So, you’re considering joining the Big 4, but you’re worried about how many hours you will be expected to do? It can be a little difficult to get an accurate answer on the hours you should expect to be given when you begin your work, so I will try and cover most circumstances here.

I spent the first three years of my career working in Audit at a Big 4 firm, and I had a pretty broad coverage over different audit types, and therefore experienced a vast array of hours. I think I am in a pretty good position to advise people on what they should expect, and how they could make their time at The Big 4 a bit less hour heavy.


Job Dependent

The key here is that the hours you will do while working at your firm will depend heavily upon the jobs you are put on.

Generally speaking, the bank audits will have the most amount of hours, and working past midnight can be a pretty regular occurence at the peak of busy season.

Comparatively, I ended up on the audit of some Hedge Funds and smaller Family Office funds during my busy season, and the hours on them is far better than the banks. I would probably average around 50 hours on the general fund audits.

Therefore, unless you have a specific interest in the banking sector, or perhaps want to make a switch into banking once you qualify, I would try and avoid them like the plague. They’re generally not very interesting, and you don’t get a very broad look at the business as a whole – you’ll likely specialise in auditing one specific area of the bank.


There are Small Perks to Long Hours

The benefits are few and far between, I’ll be honest. However, at least in my office, if you had to work beyond 8pm, you could expense your dinner. This meant that we would often get takeaway delivered to the office. And hey, who can complain about free pizza?!

Admittedly, I would rather have been relaxing at home, but you really have to take the small positives to get through busy season sometimes.

The other more important benefit is that the jobs with the longest hours can sometimes teach you the most about audit. At the end of the day, the more you do something, the better at it you will get.


Location Dependent

This is a huge one, and something you should factor in when you plan which Big 4 office you apply to.

The larger offices will generally expect longer hours. Simple.

I remember having training in the London office every 12 months or so, and they would always talk about doing 90 hour weeks on a relatively regular basis. I, on the other hand, had yet to exceed 55 hours that busy season in my smaller Big 4 office.

I think some people assume that a bigger office will give you better opportunities. This isn’t always the case.

If you wish to become an audit partner, then I admit, your best bet is to join a large office. Larger office means more partners, and therefore you’re less likely to be sitting around and waiting for someone to retire to become partner.

However, if like me, you plan to get the three years of experience, qualify as a Chartered Accountant and then get out – don’t make your life difficult. Nobody is looking at your CV thinking “Well…if he worked at PwC London I would hire him, but seeing as he worked at PwC Brighton, we’ll pass on him”. This isn’t like University. Big 4 is Big 4, end of story.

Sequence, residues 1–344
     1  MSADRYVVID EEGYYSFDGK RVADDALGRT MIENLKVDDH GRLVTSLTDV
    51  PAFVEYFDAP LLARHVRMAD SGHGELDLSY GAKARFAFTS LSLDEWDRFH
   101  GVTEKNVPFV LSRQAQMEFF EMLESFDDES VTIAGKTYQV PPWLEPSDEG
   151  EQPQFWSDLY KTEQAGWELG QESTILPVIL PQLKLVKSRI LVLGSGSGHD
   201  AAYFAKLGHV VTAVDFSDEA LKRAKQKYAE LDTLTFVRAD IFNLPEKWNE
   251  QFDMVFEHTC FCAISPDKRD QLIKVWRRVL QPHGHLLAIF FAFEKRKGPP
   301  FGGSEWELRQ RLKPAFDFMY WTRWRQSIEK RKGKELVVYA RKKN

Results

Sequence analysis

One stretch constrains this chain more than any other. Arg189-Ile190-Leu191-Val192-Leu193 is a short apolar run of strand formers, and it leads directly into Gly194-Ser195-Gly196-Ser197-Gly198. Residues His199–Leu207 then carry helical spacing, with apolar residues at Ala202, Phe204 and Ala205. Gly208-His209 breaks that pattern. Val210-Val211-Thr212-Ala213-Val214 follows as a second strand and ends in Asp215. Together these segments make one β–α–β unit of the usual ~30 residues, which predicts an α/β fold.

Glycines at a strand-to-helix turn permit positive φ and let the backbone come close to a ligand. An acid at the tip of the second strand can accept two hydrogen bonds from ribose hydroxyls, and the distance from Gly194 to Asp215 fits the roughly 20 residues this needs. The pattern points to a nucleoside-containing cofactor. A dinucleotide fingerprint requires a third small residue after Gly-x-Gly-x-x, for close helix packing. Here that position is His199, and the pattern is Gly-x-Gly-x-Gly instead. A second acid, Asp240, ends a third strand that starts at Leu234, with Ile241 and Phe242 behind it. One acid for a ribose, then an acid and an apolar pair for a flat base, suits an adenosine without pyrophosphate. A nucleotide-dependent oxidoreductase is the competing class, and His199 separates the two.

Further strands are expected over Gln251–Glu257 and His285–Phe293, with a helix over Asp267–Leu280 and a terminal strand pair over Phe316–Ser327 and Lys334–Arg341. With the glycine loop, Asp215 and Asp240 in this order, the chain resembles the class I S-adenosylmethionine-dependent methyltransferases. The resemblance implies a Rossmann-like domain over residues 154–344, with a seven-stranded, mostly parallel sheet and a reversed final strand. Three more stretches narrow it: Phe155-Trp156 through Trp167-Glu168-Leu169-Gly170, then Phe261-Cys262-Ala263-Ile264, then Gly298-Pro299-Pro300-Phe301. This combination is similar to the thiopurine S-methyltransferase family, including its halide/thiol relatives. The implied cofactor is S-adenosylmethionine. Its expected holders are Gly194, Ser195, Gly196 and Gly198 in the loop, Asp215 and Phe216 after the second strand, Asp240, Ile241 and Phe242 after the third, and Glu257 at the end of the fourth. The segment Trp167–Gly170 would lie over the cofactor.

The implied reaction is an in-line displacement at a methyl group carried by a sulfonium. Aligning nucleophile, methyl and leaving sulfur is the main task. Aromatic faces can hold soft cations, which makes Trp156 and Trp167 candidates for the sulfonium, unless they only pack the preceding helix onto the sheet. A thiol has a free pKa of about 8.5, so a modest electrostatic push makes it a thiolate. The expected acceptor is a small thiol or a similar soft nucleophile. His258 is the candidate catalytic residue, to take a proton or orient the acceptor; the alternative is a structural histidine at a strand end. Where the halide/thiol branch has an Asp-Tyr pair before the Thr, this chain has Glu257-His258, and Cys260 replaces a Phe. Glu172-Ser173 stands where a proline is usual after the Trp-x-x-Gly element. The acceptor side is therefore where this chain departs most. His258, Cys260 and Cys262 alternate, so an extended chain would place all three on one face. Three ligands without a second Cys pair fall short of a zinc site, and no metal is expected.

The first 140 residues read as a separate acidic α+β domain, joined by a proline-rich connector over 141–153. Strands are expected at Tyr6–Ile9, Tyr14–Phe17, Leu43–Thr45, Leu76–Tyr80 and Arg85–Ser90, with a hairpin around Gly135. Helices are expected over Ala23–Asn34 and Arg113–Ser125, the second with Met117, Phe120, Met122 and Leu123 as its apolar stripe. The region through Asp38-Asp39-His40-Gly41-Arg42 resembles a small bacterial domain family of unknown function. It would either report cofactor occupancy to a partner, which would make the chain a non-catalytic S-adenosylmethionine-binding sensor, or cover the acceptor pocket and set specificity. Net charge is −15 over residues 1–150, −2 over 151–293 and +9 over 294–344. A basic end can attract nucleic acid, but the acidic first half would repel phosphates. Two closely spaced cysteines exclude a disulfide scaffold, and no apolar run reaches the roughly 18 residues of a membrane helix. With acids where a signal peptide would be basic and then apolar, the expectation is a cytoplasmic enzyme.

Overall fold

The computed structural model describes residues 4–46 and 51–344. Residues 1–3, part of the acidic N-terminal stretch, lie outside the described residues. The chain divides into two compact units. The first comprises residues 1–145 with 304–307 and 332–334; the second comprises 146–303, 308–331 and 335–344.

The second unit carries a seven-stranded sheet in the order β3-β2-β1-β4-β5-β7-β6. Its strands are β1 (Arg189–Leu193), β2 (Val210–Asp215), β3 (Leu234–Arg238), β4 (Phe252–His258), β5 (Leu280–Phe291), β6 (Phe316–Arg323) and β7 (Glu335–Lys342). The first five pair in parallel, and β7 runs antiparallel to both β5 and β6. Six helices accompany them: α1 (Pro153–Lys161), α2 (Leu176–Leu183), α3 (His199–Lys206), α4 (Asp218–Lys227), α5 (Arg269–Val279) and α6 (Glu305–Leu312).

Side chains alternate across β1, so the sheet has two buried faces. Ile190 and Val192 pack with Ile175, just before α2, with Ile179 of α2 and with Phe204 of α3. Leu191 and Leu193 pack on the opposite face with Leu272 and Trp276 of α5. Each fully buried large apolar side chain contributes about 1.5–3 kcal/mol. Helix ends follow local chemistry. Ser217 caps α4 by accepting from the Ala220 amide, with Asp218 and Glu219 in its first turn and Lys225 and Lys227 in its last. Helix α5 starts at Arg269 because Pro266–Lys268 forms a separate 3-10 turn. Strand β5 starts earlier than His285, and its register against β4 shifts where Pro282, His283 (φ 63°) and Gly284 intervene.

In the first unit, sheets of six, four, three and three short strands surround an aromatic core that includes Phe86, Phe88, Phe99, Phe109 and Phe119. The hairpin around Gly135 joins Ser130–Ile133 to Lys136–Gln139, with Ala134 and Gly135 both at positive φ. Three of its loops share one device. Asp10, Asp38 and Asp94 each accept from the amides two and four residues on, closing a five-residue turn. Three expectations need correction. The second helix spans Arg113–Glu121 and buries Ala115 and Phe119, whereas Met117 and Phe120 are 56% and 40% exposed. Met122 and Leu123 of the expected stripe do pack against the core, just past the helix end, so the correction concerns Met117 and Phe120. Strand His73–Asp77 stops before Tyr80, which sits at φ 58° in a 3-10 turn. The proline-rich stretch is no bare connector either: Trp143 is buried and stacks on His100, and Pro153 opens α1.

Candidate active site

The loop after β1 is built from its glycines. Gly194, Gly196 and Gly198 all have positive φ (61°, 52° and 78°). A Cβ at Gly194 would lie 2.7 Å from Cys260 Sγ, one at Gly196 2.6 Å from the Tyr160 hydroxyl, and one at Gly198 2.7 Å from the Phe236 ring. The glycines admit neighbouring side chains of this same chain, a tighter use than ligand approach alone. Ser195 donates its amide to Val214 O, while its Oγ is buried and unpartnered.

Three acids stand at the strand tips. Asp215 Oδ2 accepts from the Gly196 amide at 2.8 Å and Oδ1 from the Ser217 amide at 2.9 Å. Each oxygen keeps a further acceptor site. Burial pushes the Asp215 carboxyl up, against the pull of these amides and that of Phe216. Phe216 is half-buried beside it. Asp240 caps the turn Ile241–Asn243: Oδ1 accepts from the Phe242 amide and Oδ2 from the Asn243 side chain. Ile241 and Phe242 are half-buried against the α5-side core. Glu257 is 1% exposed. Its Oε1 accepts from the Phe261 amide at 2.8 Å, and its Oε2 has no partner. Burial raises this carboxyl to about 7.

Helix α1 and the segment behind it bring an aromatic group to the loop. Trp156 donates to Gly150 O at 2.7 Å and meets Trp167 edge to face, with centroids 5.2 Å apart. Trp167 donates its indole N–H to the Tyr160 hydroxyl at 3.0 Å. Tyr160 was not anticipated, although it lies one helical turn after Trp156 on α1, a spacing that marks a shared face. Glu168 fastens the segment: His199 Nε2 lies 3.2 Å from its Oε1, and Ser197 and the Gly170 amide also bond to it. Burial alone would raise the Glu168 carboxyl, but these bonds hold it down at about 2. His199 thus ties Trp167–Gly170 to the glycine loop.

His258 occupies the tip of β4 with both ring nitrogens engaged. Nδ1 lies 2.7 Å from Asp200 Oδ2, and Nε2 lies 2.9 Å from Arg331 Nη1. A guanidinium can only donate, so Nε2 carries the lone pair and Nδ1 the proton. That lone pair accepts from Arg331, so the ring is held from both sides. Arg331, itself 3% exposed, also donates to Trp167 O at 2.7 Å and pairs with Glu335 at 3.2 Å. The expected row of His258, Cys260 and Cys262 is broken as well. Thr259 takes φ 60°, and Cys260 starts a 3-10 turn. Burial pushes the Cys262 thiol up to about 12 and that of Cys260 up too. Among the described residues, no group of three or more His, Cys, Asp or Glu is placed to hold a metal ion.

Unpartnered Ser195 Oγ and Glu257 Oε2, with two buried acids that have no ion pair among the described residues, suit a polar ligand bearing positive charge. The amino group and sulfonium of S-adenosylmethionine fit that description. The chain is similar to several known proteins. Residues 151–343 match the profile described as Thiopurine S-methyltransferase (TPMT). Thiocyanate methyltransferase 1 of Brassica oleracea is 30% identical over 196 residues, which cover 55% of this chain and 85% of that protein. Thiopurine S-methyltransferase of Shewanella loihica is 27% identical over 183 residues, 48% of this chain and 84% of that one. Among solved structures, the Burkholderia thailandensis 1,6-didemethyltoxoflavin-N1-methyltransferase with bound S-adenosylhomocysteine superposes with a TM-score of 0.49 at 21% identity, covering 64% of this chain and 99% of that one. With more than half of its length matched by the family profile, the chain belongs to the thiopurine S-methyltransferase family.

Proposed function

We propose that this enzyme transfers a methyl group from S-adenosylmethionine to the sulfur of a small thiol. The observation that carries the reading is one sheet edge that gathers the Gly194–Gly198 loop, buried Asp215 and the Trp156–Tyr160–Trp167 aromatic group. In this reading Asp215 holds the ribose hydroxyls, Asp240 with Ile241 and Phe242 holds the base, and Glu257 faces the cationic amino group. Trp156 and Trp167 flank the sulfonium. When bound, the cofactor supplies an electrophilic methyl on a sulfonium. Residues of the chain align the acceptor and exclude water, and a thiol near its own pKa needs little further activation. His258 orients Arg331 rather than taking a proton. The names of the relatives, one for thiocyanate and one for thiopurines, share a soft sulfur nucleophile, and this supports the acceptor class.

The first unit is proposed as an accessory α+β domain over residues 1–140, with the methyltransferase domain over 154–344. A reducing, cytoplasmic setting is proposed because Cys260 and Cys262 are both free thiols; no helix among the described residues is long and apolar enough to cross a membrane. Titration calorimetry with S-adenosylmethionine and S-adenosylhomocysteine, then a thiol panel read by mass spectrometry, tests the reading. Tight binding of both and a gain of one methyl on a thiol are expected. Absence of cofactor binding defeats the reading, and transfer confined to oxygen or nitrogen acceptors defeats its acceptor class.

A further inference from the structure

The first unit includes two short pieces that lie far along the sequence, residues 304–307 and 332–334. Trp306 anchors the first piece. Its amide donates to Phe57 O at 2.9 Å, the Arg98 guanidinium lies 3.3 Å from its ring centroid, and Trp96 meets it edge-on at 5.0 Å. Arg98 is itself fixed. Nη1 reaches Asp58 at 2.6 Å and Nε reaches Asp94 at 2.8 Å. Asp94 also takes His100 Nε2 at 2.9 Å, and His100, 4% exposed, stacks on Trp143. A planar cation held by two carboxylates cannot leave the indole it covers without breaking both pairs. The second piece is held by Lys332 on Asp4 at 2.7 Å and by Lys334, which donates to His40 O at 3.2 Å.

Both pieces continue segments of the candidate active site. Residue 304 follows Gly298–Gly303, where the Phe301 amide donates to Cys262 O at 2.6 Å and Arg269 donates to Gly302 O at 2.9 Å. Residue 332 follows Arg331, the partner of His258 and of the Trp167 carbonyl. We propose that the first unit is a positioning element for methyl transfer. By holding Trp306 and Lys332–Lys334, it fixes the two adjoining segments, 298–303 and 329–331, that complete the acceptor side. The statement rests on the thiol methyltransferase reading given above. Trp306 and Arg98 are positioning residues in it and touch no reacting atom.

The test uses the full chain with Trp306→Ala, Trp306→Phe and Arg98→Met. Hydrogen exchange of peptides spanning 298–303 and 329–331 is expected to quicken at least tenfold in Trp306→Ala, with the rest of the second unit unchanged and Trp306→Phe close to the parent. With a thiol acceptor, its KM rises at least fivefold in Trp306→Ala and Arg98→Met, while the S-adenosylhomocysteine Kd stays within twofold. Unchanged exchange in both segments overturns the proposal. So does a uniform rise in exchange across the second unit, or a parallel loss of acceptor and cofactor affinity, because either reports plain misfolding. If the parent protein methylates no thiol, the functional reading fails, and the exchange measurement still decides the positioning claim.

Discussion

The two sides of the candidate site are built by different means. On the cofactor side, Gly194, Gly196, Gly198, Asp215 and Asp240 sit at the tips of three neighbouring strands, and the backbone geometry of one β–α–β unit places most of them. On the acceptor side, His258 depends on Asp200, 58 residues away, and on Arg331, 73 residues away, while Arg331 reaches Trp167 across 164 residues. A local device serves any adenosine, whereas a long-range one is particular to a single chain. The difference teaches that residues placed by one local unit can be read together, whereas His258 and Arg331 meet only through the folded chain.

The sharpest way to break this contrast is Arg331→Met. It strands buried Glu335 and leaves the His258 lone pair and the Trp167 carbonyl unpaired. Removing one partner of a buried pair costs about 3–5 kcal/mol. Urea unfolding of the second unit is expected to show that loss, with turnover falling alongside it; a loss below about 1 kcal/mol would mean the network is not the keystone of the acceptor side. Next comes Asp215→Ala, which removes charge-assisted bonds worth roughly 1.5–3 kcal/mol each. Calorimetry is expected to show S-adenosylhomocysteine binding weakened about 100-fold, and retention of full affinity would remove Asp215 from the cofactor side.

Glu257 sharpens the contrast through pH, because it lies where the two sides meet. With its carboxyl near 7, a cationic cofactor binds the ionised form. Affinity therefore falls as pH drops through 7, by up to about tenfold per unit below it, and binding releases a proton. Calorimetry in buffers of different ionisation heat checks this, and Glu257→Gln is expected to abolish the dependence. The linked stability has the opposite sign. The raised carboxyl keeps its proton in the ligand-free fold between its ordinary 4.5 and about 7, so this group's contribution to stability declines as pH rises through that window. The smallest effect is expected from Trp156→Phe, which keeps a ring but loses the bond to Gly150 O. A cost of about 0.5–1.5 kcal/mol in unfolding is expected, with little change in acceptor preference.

It isn’t That Bad – A Means to an End

Whether you’re looking to stay in Audit for life, or get out of there as soon as possible, the long hours you work aren’t actually that bad if you maintain a positive attitude towards them.

Always keep that end goal in sight and remember that you need to wade through some crap experiences in order to experience the great ones.

One of the biggest complaints when working at Big 4 isn’t actually the hours, but the pay. This is actually combined with the hours in a way, as many Auditors complain that they’re not correctly paid based on the time they can spend at work. Unfortunately you often learn significantly less working in audit within the big four than you would in, for example, a consulting role. In 2018, the average salary for an auditor working in private practice in the UK came to £58k. 

Now, let me tell you, £58k is bloody high for an auditor, and this is heavily inflated by those at the top who are receiving large pay packets.

As a newly fully qualified accountant, after three years, I was about to step into a £40k per year salary before I took my job at a Hedge Fund. You’re generally not likely to step above £100k a year until you reach associate partner level and have been at the firm for about 20 years. 

Obviously this is office and firm dependant, but there generally isn’t a huge different in pay between the Big Four – however, that won’t stop your colleagues comparing themselves to their friends who work at another firm in the same town who “are paid £2k a year more than us!” – often the differences make very little impact after tax anyway.

The reality of busy season is that the hours CAN be very high, to the point that you’re sometimes competing with Investment Bankers for the trophy for long hours – but despite this, the pay doesn’t often reflect it.

If you’re feeling down about the amount of hours you’re currently working, then please keep your chin up and keep the end goal in sight. It will be worth it in the end, I promise.